The 3D-printing technology, or additive manufacturing as it is often called, has long made the step out of scientific research laboratories into industrial...

Im Focus: Mimicking nature's cellular architectures via 3-D printing

Research offers new level of control over the structure of 3-D printed materials

Nature does amazing things with limited design materials. Grass, for example, can support its own weight, resist strong wind loads, and recover after being...

Im Focus: Three Magnetic States for Each Hole

Nanometer-scale magnetic perforated grids could create new possibilities for computing. Together with international colleagues, scientists from the Helmholtz Zentrum Dresden-Rossendorf (HZDR) have shown how a cobalt grid can be reliably programmed at room temperature. In addition they discovered that for every hole ("antidot") three magnetic states can be configured. The results have been published in the journal "Scientific Reports".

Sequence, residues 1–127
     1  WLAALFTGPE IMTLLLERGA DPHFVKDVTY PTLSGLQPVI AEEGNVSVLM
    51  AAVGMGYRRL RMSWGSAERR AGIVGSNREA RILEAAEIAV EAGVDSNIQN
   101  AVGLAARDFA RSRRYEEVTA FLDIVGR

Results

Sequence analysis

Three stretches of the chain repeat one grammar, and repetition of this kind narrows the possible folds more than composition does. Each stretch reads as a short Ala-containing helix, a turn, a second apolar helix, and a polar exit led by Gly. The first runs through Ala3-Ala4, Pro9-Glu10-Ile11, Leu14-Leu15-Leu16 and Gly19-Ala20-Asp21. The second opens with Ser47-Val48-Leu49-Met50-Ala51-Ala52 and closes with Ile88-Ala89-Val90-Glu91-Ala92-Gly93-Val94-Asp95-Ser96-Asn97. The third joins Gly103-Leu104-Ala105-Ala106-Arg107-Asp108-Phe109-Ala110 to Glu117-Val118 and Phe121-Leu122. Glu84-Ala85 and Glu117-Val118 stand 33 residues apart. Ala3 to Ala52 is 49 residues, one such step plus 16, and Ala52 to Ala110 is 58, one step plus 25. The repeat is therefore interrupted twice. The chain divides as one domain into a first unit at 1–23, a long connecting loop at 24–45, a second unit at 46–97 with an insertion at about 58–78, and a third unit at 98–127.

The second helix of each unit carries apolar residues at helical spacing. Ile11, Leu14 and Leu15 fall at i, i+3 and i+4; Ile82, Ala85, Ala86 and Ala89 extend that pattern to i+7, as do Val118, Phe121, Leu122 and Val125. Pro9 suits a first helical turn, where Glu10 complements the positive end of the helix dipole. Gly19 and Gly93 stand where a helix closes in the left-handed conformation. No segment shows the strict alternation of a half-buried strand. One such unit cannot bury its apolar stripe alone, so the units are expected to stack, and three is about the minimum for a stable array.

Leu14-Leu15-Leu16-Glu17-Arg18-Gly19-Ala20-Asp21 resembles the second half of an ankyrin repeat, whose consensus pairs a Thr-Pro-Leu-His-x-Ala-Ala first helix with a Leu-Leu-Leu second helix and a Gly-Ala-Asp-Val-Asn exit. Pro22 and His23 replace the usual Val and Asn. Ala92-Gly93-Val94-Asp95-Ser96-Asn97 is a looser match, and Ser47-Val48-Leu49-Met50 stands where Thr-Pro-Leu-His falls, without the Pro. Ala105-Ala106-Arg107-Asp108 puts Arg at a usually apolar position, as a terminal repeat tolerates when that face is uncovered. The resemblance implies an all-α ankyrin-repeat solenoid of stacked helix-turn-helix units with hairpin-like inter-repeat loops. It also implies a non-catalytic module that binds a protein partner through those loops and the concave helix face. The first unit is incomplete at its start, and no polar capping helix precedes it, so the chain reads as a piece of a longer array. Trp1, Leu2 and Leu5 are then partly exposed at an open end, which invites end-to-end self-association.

Physicist Dr. Rantej Bali from the HZDR, together with scientists from Singapore and Australia, designed a special grid structure in a thin layer of cobalt in...

All Focus news of the innovation-report >>>

Anzeige

Anzeige

Event News

Booth and panel discussion – The Lindau Nobel Laureate Meetings at the AAAS 2017 Annual Meeting

13.02.2017 | Event News

Complex Loading versus Hidden Reserves

10.02.2017 | Event News

International Conference on Crystal Growth in Freiburg

09.02.2017 | Event News

 
Latest News

Positrons as a new tool for lithium ion battery research: Holes in the electrode

22.02.2017 | Power and Electrical Engineering

New insights into the information processing of motor neurons

22.02.2017 | Life Sciences

Healthy Hiking in Smart Socks

22.02.2017 | Innovative Products

VideoLinks
B2B-VideoLinks
More VideoLinks >>>